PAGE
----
Sheng Siong also seems to offer good variety for its baking products, and Japanese food products and sauces. The downside is that it offers quite limited or fewer brands compared to the other online supermarkets. It would seem that its full retail range its not up on the website as yet.
RedMart recently introduced fresh food to its staple of offerings. However, at its higher prices, to be honest, it doesn’t seem as worthwhile to purchase fresh food from there.
What Redmart has though is a very unique and wide variety of imported brands for some of its categories that is not commonly seen in other supermarkets. In particular, it has a wide variety of pet products such as food, treats and shampoo. It also has more choices for brands for its baby food compared to Fairprice and the others. Finally, RedMart is extremely strong in the alcohol area with 902 kinds of red wine, as well as offers more types of alcohol such as sake, soju, liquer and more choices of beer.
Giant on the other hand, surprisingly consistently lagged a few cents behind i.e. is a few cents more expensive than Fairprice and Sheng Siong for quite a lot of the products.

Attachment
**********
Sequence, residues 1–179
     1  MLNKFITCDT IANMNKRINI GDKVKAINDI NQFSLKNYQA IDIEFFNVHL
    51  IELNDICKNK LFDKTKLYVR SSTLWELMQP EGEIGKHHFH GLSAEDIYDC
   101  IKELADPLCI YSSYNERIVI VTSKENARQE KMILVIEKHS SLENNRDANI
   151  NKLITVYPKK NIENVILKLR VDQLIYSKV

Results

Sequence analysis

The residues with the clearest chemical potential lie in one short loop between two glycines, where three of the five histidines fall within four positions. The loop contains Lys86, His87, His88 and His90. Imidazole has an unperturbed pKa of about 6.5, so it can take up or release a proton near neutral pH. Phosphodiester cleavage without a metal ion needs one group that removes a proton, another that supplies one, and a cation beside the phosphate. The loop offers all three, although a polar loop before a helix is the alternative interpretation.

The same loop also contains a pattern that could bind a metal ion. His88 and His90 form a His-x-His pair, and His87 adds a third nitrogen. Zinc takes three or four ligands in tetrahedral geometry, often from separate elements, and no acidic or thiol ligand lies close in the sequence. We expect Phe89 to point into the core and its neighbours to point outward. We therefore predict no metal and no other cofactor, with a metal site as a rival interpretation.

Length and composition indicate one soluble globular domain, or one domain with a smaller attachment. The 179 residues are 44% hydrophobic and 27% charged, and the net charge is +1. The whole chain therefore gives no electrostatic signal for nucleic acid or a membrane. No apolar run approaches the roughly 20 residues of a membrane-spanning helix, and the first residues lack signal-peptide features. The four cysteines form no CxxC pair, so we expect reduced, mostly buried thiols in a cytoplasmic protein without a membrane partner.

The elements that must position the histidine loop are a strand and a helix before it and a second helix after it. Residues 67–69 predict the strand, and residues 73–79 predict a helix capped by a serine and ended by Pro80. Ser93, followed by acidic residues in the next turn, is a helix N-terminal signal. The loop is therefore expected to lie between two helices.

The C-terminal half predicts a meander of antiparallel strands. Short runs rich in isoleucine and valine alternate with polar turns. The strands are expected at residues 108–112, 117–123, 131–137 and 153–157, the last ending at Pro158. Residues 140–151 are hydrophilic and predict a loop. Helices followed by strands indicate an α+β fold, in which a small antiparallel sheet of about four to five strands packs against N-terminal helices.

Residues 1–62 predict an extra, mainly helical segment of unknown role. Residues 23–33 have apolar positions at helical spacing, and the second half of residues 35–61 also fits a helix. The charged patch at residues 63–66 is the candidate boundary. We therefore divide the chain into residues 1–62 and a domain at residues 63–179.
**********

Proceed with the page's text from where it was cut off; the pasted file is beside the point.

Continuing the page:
However, they do provide fresh bread from its bakery which could be a big bonus for some shoppers. Furthermore, when it comes to convenience, there is none other like Giant. You can pick up a spare frying pan if yours is too scratched, a new ironing board cover for your worn out old one, extra bowls and cups if you’ve broken a few, or even a power drill for your house if you need some fixing up to do. Basically anything for the household – and at very reasonable or cheap prices.
The drawback would be that there is no free delivery available. However, if you spend over $60, their delivery fee is only $7.
Meanwhile, we found Go Fresh not to be a real contender. Go Fresh is quite expensive for all of its fresh food offerings, and is in fact more expensive than Cold Storage in a lot of the areas, with limited choices. It seems to specialize in western food and even offers lobsters for sale.
And speaking of Cold Storage, it fared better than we expected with prices that were just slightly above the rest. And for the cheese enthusiast, Cold Storage offers the widest variety of cheeses online too.
Last but not least, we’ve become quite a fan of Purely Fresh because it’s got the widest variety for its fresh food which nowadays can only be found in our wet markets, and no longer in our supermarkets. For instance, its range runs from stingray, to pig heart, to chicken feet, whole black chicken, fresh whole fish, in addition to its usual chicken, lamb and others. It also sells freshly-made yong tau foo, and they provide a value-added service where shoppers can request for the fishmonger to slice their fish or meat.